being a teacher, books, community, Literacy, Passion, students

A Powerful Lesson in Book Choice and Discovery

image from icanread

I felt so guilty this morning planning final details of my lesson.  After all, we are three weeks into the quarter and there is so much to do already.  Three weeks and what have we really done?  And yet, the books had been piling up.  I had seen the students book hopping, abandoning at a rapid pace.  And I knew there were so many great books to share.  If only we did not have to do these other things.  If only we had the time.

So this morning, I realized that we needed to find the time.  That book shopping was not a luxury I could hope to get to but instead was a necessity.  And not in a hurried, five minutes at the start of class kind of way either.  Not in a “let’s fit it in quick so we can get to this other thing” kind of way.  No, we had the need to make book shopping THE thing to do today.  No matter what else we should have been doing.

They came in and immediately saw the piles of books; my favorite reads from the summer, brand new books that I haven’t even read, and some older favorites that I know they need to discover.  Right away, the questions started.  “What’s this?  Did you see this?”  As the students grabbed their readers’ notebooks, I interrupted their conversation.  “Come on over.”  And they did, surrounding me in the rocking chair as I read aloud the inspiring It’s A Book by Lane Smith.  I love reading this book aloud to older students because they always giggle and then look to me to see if I got it too.  And I do and I giggle too, and we marvel at the wonders of simply reading a book.

I asked them how they find new books to read and we brainstormed a list together.  Nothing extraordinary but a simple reminder to indulge in the art of looking for a book.  To take the time to truly go through the books and not just cast a glance at the cover and then make a decision.

They were itching to go. The books calling out for them and yet, I held them back for another few minutes as I book talked a select few books in each pile.  Already the students were writing down titles.

“I know Echo by Pam Munoz Ryan looks like a giant book, but the pages will fly by as you read.”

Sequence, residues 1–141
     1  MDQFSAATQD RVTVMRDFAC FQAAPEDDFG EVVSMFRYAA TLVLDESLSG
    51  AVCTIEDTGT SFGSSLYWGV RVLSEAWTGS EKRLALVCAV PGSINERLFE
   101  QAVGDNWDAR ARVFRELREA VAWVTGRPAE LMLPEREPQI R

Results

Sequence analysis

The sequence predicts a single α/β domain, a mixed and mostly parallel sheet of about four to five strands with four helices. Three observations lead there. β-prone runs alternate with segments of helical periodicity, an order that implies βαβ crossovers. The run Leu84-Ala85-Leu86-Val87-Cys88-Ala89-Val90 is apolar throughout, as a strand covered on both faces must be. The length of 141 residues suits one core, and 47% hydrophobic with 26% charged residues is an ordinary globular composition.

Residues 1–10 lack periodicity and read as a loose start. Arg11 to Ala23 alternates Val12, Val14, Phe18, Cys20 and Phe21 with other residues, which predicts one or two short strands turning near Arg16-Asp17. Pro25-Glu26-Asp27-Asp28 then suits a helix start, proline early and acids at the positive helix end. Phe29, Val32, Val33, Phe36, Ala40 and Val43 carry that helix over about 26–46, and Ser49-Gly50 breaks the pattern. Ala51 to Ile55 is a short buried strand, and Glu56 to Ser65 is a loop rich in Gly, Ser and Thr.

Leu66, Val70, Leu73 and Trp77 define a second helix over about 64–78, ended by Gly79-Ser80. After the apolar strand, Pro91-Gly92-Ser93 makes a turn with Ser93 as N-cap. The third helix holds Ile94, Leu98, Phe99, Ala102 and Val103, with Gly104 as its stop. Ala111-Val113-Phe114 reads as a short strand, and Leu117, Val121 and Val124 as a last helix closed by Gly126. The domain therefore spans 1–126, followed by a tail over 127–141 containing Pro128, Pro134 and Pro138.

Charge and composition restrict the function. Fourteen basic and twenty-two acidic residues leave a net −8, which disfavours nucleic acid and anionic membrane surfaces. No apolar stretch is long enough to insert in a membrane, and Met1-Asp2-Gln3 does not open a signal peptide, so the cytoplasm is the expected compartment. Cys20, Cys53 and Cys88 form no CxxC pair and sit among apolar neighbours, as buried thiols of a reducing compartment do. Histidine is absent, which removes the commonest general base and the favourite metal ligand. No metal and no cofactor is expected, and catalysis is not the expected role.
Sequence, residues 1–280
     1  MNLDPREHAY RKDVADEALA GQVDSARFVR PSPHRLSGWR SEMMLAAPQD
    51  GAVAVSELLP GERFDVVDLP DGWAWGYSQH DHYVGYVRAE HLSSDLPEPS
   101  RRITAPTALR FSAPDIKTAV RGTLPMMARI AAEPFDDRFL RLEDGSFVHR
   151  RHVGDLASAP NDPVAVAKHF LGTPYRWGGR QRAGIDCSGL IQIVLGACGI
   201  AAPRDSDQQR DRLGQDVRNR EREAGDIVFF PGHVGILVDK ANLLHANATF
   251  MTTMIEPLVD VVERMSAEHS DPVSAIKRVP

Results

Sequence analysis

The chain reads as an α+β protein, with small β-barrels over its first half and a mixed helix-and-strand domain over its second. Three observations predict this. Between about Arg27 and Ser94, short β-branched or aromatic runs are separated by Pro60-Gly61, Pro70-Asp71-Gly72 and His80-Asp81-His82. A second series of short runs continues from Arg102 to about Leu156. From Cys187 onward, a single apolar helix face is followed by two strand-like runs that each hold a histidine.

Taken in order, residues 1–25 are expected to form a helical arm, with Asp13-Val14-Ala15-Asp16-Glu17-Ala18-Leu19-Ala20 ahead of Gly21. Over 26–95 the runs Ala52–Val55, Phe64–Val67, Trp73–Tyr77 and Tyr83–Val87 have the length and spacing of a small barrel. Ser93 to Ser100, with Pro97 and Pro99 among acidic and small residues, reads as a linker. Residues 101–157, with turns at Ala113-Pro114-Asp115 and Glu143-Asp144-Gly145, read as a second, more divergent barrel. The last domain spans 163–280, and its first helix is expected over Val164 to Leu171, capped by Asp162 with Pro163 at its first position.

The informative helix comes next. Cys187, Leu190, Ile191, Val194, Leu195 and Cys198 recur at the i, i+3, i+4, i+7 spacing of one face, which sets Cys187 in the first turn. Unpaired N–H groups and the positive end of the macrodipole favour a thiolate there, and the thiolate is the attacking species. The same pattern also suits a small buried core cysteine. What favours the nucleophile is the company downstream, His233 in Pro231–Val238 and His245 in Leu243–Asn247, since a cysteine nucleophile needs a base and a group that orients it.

“You think that The False Prince is a good book, but then you get to page 88 and it becomes a book you have to read as quickly as you can to see what happens next. And did you know the same author wrote A Night Divided?

“In my hand I am holding the best book I have read so far this year.  Yes, Orbiting Jupiter by Gary D. Schmidt is really that good.”

Finally, I told them to take their time, that I would give them the whole class period if they wanted it.  And off they went.  Their papers clutched tightly and their hands reaching out for all the books.

I stood back, observed, and smiled.  Everywhere students were reading pages, sharing books, offering recommendations and scribbling down titles.  Questions floating through the air as students told each other why they had to read this one, or how they couldn’t wait to read this other one.  One child proudly showed me they had already found 10 titles to read and they knew they would find more.

As I walked around, the students came to me and offered up book recommendations, asking me to please write it down because they knew that so and so would love the book.  They asked me if they could book shop our regular shelves or if I knew of a book that was like this other one they loved?

As I stood there and observed, I realized that it was not merely book shopping that was happening in front of us.  It was the beginning of a community of readers.  Of students that want to talk about their books, that want to share the stories they love with others, and that cannot wait to read a book.  Not all of them, but many, and the others I will continue to work with.

We may not have gotten to that other lesson I thought we needed.  We may not have gotten all the work time we need for the first speech we are giving.  We may not even have had our independent reading time that we so ferociously protect.  Instead through the discovery of books, we really discovered each other.  I cannot wait to see where these communities will go next.

PS:  If you are wondering which books I book talked, many of them can be found right here.

If you like what you read here, consider reading my book Passionate Learners – How to Engage and Empower Your Students.  The 2nd edition and actual book-book (not just e-book!) comes out September 22nd from Routledge, but rumor has it that it is out on Kindle already!

4 thoughts on “A Powerful Lesson in Book Choice and Discovery”

  1. Pernille, I follow your blog. I have met you at nErDcamp. You are the real deal. I can not come to shadow you. Would you be willing to share a student -led video of a class session using picture books and book talks?

  2. I read this post with a sigh of relief! We are two weeks into our new school year and I just said to my students yesterday, as I looked at most of my novels still in piles waiting on the shelf, that I could not believe we hadn’t dug in yet! Where did the time go and how could this absolute priority and passion of mine still be in waiting?
    I decided to pull out a couple on the spot and do some quick books talks. I could barely finish before their hands were flying up to request the first chance to read the books. I shared Delirium by Lauren Oliver, Empty by Suzanne Weyn and The Absolutely True Diary of a Part Time Indian by Sherman Alexi.
    Between that and hearing your story, I can’t wait to put all else aside tomorrow afternoon and immerse ourselves in more of our classroom library.

    Thanks for sharing!

    From Victoria, British Columbia

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